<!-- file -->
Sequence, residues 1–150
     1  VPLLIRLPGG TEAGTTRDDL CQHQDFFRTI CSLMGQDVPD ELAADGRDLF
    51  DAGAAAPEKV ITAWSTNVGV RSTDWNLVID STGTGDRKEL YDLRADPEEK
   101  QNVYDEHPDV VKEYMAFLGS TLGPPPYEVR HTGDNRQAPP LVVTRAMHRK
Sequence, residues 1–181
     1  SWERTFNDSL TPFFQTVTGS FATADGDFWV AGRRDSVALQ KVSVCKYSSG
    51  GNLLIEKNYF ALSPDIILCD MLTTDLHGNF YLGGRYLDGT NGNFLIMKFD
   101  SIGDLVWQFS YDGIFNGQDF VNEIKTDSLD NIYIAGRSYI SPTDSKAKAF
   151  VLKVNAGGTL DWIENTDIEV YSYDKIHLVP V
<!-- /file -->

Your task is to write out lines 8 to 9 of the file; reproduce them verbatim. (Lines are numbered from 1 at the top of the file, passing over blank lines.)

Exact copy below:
   101  SIGDLVWQFS YDGIFNGQDF VNEIKTDSLD NIYIAGRSYI SPTDSKAKAF
   151  VLKVNAGGTL DWIENTDIEV YSYDKIHLVP V